The island, which was almost continuously in a pall of bleak fog and snow, was a desolate place for those who remained behind. The crew was frostbitten and in poor health, some on the verge of mental collapse. Their clothing threadbare with very little shelter, wild ordered the men to overturn the remaining lifeboats and build up a rock was surrounding them, for shelter. The remnants of the tents were used for insulation against the wind, which would reach upwards of 100 mph. Blubber lamps were the only source of light in their dim shelters.
Daily hunting expeditions were organized to keep the crew occupied and “sing-songs” in the evening relieved some of the tedium. The men were jammed into these shelters eating penguins and occasional seals, which were both scarce at this time of year. Stoically, the men Waited for Shackleton, known affectionately as “the Boss”, to return.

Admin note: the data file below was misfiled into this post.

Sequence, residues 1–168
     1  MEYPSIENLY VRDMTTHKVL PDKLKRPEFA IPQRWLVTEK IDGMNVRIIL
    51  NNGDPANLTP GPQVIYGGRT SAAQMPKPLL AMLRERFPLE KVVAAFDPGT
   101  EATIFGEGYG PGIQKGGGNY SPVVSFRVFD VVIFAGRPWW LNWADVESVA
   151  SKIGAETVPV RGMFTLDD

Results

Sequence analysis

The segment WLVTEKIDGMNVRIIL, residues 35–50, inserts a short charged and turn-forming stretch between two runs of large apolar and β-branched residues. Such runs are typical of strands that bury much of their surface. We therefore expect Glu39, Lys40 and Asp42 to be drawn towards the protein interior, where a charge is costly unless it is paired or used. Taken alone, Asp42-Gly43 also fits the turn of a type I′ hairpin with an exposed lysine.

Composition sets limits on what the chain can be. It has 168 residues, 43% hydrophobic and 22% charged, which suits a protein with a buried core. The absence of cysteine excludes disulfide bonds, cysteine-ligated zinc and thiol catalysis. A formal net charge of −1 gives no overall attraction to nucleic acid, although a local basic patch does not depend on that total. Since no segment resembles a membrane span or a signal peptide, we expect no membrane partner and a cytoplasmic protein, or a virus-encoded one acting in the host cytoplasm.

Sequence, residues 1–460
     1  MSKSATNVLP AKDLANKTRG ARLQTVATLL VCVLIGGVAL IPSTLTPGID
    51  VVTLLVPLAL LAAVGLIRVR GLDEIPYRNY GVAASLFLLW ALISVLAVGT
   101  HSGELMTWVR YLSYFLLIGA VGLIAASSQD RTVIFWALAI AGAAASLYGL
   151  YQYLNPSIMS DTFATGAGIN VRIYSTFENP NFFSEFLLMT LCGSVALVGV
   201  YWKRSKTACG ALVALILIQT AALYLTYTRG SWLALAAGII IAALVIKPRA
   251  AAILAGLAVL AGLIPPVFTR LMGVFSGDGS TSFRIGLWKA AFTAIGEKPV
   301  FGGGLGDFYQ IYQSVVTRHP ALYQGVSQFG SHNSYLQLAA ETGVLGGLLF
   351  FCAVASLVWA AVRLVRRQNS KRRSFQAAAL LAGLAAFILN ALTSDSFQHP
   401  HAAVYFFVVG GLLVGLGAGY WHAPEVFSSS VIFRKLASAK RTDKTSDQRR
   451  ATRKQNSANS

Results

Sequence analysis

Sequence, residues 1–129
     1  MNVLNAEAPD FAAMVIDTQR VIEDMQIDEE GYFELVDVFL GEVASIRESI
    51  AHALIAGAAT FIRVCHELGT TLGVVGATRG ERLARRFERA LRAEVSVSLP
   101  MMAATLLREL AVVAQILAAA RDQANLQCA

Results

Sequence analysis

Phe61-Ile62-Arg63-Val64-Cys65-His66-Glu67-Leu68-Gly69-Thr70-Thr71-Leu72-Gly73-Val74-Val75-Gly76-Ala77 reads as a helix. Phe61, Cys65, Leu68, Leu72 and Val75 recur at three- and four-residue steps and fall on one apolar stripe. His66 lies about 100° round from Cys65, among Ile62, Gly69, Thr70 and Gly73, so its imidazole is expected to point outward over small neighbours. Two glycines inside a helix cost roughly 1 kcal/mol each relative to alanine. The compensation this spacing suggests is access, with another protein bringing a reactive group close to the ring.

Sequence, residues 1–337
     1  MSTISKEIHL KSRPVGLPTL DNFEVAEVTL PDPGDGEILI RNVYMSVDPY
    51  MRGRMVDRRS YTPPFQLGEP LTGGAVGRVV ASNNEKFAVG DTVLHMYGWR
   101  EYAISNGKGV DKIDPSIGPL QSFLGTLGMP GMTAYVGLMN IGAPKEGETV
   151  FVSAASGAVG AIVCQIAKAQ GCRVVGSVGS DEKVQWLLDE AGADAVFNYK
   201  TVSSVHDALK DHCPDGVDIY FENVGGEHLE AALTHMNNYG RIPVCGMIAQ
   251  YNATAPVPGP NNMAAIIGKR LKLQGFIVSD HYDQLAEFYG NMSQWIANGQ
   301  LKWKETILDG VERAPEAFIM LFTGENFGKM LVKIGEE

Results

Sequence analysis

On the remote island, Shackleton knew that the chance of rescue was nonexistent. He made the difficult decision to break up his crew. He selected five of the strongest and best sailors-Worsley, Crean, McNish, McCarthy, and Vincent, and announced that they would sail the 22 foot lifeboat, James Caird, to South Georgia Island, over 800 miles away. Navigation would be the responsibility of Worsely, using only a sextant. The continually gray and stormy skies held little promise that there would be any celestial sightings from which to gauge their position.
The crew, which remained on Elephant Island, was lead by Shackleton’s second-in-command, Frank Wild. In his memoir, as a testament to his leadership, Wild wrote “We gave them three hearty cheers and watched the boat getting smaller and smaller in the distance. Then seeing some of the party in tears I immediately set them all to work”.